Recht und Praxis der Schlichtung (chôtei) in Japan

  • Harald Baum
  • Eva Schwittek


Japan’s tradition of consensus-oriented settlement of disputes with the aid of a neutral intermediary is exceptionally long, though its institutionalised forms and functions have changed over time. Modern Japanese law contains two basic types of consensus-oriented settlement procedures: the court-related conciliation procedures (chôtei) on the one hand, and the various kinds of ADR-procedures (assen) offered by private institutions on the other. This article focuses on the institutional setting, regulation, and function of the court-related conciliation, with an emphasis on the Civil Conciliation (minji chôtei).

After an introductory survey containing the historical development and the reasons for the wide acceptance of the Civil Conciliation, the authors thoroughly explain the procedure of the Civil Conciliation. They then analyse the selection criteria, role, and assignment of conciliators in Civil Conciliation. Following this, they present two special conciliation procedures in the fields of family matters and consumer indebtedness. Those special procedures are basically concordant with the Civil Conciliation procedure, but contain some special features to meet the particular problems, such as wider decision and enforcement possibilities with respect to recurrent performances in family matters, or the extended possibility to suspend civil enforcement procedures in order to enable avoidance of consumer insolvency.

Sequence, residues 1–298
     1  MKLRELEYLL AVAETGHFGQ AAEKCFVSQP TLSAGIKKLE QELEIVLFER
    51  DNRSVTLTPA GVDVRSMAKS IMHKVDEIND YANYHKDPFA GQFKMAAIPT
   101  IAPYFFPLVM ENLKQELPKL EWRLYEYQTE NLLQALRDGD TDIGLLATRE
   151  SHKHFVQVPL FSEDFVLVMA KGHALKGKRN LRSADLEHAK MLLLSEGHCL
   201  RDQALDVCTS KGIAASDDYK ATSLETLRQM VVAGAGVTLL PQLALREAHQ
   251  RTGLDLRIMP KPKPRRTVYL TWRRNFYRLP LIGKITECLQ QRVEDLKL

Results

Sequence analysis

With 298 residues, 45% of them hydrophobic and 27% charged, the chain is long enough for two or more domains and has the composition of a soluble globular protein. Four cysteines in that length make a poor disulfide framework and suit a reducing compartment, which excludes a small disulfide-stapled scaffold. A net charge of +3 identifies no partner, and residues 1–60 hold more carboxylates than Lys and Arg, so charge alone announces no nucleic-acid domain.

The authors conclude that the court-related conciliation successfully combines elements of traditional Japanese methods of dispute settlement with the legal institutions and procedures taken over from Continental Europe.

The adjacency to the judicial proceedings is mainly organizational. The court can order a change to the Civil Conciliation procedure for a pending action – until the commencement of the court proceedings even against the parties’ will. In some matters of family law, the Civil Conciliation procedure is a mandatory preliminary proceeding.